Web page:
“I think something happened in 2016, where I just snapped. There was a lot of a hateful news going around with American politics, and I didn't know how to answer a lot of my kids questions then. Something I know I can do is to tell them things that I loved about this planet or things that I loved in other people because all they saw or heard about was just this weird ugliness, school shootings, leaders who were saying ‘build that wall' to anybody who looked different than them, and so I remember the night I shut myself up in my office after the kids went to bed and just started writing about plants and animals that I loved from my childhood.”Aimee Nezhukumatathil is the author of the NYTimes best-selling illustrated collection of nature essays and Kirkus Prize finalist, World of Wonders: In Praise of Fireflies, Whale Sharks & Other Astonishments, which was chosen as Barnes and Noble's and has sold 5 million copies. She has four previous poetry collections: Oceanic, Lucky Fish, At the Drive-in Volcano, and Miracle Fruit. Her most recent chapbook is Lace & Pyrite, a collaboration of epistolary garden poems with the poet Ross Gay. Her writing appears twice in the Best American Poetry Series, The New York Times Magazine, ESPN, Ploughshares, American Poetry Review, and Tin House.Honors include a poetry fellowship from the National Endowment for the Arts, Pushcart Prize, Mississippi Arts Council grant, and being named a Guggenheim Fellow in poetry. She's the first-ever poetry editor for Sierra magazine, the story-telling arm of The Sierra Club. She is professor of English and Creative Writing in the University of Mississippi's MFA program.· aimeenez.net · www.creativeprocess.info· www.oneplanetpodcast.org
Aimee Nezhukumatathil is the author of the NYTimes best-selling illustrated collection of nature essays and Kirkus Prize finalist, World of Wonders: In Praise of Fireflies, Whale Sharks & Other Astonishments, which was chosen as Barnes and Noble's and has sold 5 million copies. She has four previous poetry collections: Oceanic, Lucky Fish, At the Drive-in Volcano, and Miracle Fruit. Her most recent chapbook is Lace & Pyrite, a collaboration of epistolary garden poems with the poet Ross Gay. Her writing appears twice in the Best American Poetry Series, The New York Times Magazine, ESPN, Ploughshares, American Poetry Review, and Tin House.Honors include a poetry fellowship from the National Endowment for the Arts, Pushcart Prize, Mississippi Arts Council grant, and being named a Guggenheim Fellow in poetry. She's the first-ever poetry editor for Sierra magazine, the story-telling arm of The Sierra Club. She is professor of English and Creative Writing in the University of Mississippi's MFA program.· aimeenez.net · www.creativeprocess.info· www.oneplanetpodcast.org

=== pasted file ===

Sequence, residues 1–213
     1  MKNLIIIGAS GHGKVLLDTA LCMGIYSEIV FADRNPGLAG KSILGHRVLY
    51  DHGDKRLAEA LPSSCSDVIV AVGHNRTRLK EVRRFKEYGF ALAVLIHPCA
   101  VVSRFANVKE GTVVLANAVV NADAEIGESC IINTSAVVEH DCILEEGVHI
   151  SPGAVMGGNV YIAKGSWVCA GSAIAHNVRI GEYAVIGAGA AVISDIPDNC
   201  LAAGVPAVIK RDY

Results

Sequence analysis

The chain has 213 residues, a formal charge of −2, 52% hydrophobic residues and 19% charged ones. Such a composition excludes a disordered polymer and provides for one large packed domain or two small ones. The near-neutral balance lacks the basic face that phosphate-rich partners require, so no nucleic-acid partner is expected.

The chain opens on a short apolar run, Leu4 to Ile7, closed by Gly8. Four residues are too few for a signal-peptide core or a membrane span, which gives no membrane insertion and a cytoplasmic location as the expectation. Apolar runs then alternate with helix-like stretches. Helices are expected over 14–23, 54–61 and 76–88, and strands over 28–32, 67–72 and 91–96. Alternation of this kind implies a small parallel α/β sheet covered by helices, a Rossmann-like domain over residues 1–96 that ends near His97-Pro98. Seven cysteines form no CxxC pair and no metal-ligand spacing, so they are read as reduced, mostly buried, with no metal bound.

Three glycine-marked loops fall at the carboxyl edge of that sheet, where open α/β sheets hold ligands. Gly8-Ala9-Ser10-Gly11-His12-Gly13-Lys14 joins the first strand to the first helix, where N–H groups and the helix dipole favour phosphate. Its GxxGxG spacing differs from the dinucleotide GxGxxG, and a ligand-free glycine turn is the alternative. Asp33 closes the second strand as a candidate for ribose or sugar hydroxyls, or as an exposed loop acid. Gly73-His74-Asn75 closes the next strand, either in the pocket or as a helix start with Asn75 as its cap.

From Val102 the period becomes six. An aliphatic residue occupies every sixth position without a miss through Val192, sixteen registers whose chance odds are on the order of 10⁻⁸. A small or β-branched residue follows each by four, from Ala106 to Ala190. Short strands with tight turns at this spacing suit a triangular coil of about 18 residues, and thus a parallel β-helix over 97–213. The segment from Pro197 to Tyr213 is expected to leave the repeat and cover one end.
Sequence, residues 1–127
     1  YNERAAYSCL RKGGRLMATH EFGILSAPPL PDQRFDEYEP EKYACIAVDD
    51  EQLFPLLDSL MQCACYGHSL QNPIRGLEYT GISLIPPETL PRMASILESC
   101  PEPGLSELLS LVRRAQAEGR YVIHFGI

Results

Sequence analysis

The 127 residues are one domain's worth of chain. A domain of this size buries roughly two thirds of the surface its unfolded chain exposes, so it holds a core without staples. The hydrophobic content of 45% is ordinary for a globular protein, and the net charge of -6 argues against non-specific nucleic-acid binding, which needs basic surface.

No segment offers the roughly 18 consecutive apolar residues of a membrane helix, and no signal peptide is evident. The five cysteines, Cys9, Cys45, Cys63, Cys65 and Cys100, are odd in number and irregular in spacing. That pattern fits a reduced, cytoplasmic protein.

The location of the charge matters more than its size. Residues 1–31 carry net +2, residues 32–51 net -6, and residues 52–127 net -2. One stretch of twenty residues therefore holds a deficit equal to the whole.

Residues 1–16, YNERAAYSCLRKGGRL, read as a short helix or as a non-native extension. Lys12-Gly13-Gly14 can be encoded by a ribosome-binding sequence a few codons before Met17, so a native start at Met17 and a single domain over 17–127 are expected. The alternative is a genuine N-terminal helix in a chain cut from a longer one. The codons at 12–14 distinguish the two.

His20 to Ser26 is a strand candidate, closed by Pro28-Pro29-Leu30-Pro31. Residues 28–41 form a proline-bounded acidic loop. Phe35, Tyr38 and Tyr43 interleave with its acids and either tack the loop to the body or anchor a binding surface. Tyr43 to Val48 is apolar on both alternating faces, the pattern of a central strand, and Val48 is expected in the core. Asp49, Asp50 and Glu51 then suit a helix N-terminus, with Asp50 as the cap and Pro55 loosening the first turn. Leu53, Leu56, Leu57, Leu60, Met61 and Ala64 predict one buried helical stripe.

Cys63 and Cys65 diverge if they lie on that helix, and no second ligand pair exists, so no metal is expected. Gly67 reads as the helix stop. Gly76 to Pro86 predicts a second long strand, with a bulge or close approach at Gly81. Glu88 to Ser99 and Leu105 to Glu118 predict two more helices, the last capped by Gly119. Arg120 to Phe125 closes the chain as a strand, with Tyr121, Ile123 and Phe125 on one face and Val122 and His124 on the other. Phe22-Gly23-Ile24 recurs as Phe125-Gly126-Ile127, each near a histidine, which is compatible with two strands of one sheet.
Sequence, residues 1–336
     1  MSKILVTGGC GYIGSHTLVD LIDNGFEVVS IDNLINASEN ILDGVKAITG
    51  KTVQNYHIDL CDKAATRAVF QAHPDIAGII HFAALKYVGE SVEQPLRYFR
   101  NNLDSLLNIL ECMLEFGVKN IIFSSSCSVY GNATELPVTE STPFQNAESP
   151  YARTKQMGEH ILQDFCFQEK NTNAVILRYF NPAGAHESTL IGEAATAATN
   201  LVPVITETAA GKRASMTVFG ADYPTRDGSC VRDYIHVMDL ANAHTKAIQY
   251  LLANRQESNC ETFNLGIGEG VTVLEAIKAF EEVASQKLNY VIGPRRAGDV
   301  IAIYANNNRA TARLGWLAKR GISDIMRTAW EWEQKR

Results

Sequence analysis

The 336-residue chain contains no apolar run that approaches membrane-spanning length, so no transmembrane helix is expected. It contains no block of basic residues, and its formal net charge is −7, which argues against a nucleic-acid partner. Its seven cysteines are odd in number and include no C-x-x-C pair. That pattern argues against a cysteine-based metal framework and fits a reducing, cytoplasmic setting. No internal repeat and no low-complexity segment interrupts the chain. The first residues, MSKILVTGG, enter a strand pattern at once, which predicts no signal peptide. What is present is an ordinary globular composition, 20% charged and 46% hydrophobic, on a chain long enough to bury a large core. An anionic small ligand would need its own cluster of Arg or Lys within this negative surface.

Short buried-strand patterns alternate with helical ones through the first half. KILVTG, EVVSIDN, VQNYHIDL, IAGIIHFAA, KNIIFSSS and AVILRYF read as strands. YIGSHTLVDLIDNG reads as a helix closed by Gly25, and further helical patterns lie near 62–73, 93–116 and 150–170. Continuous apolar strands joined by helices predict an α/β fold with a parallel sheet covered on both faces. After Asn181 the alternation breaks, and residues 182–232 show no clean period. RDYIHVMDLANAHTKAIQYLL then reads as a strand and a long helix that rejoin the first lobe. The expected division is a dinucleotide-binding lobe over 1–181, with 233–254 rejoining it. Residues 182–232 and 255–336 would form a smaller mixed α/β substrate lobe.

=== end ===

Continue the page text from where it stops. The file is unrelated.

Now in its 18th year, Cybersecurity Awareness Month continues to raise awareness about the importance of cybersecurity. So what will you be doing differently this year? Will it be switching to a password manager? or adding MFA to your email and social accounts? Alanna Gilson and Eric Due from Robust Network Solutions join me on today's episode of Tech Talks Daily in a discussion about how to improve your security hygiene. Robust Network Solutions is a premier IT consulting firm headquartered in San Mateo, CA, that specializes in providing proactive services to many professional firms in the San Francisco Bay Area. Specializing in Microsoft, VMware, Cisco, Citrix, HP, IBM/Lenovo, network buildouts, technology projects, mobile technology, remote access, enhanced security, disaster recovery, improved network performance, helpdesk support. About Eric Eric Due works as a Senior Engineer at Robust Network Solutions. He helps provide business planning and implementation to bring digital services that align with business needs. He has over 25 years in systems and business implementation. Alongside his design skills and startup experience, he brings a wealth of perspective. Focusing on people and reducing risks, Eric is passionate about aligning solutions with business goals and ensuring IT is a positive experience. About Alanna Alanna has worked in the digital media tech industry for more than 20 years. With experience in global web and mobile app monetization, inventory management, and internet fraud, the seasoned tech business development executive is also passionate about advancing cybersecurity and cyber-Training for Businesses and their Employees. In addition to business development/IT consulting, she is also involved in digital marketing, virtual/experiential events, and digital content development. Outside of the office, Alanna enjoys her work as an accomplished artist and spending time with her family.